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Certain artists have reached a degree of excellence in representing vegetable marvels. The first that come to mind are the photographs of Karl Blossfeldt, the drawings of flowers by Joris Hoefnagel as well as by Dürer or Léonard de Vinci (who sketched, among other beauties, a few anemones), the wall paper by William Morris. The book, under a very attractive cover, carries the reader through centuries of travels, during which we run into Arab illuminators such as Abu Ja’far al-Qhafiqi, American radiologists -Dain Tasker and his snapshots of roses from 1935-, baroc painters (the extraordinary oil paintings on wood by Girolamo Pini, dating back to 1615 and kept at the Musée des arts décoratifs in Paris), and even the herbarium of poet Emily Dickinson. The most recent periods are remarkably varied, next to curious tentatives by Marc Quinn (bronze, painted petals), surprising images of marijuanan under an electronic microscope, we see that the ancestral technique has not been lost: Rachel Pedder-Smith, through hundreds of hours at Kew Gardens between 2006-2009, produced delicate miniatures which a Persian master would have been proud of claiming.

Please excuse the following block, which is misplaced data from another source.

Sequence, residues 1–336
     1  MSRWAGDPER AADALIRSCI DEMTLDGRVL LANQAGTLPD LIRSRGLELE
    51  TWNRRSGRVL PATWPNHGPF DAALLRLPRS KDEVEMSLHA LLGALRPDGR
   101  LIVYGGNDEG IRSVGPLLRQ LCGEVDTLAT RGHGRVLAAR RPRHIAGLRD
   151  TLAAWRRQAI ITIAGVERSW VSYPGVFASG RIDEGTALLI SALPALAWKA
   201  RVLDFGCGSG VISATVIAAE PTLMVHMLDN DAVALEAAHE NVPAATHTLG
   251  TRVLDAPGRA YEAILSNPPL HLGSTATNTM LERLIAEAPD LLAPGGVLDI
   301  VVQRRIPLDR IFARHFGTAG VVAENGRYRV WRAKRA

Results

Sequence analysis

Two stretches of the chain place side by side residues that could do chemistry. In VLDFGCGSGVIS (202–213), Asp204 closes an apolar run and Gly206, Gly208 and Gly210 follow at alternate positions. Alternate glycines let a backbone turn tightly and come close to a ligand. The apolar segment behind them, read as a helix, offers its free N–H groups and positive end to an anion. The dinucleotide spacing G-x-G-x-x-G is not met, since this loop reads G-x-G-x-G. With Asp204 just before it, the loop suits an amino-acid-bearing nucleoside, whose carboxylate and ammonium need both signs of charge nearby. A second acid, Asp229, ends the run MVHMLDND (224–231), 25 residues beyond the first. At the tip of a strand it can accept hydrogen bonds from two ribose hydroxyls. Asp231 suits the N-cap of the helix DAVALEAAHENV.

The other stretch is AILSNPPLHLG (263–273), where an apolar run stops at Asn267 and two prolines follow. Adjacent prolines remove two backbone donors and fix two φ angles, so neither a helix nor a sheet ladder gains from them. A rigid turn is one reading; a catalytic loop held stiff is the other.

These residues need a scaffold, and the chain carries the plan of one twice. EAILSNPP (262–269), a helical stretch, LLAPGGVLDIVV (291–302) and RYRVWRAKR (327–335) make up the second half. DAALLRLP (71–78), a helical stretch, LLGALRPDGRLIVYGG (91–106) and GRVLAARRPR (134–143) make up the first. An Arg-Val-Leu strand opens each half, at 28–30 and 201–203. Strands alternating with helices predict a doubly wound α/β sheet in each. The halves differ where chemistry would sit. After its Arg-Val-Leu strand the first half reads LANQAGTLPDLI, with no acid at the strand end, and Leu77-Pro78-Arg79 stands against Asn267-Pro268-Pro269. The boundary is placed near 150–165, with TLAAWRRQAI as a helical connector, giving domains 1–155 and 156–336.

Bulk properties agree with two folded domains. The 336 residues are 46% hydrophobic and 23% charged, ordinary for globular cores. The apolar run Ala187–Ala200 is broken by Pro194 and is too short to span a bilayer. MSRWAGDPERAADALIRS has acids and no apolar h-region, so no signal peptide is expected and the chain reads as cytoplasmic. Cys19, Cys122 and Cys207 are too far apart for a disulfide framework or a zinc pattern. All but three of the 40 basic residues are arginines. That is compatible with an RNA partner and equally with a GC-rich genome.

Plant, Phaidon, 2016, 352 p., €49.95.

Plant - Collective

Review published in the newsletter #454 - from 22 December 2016 to 11 January 2017

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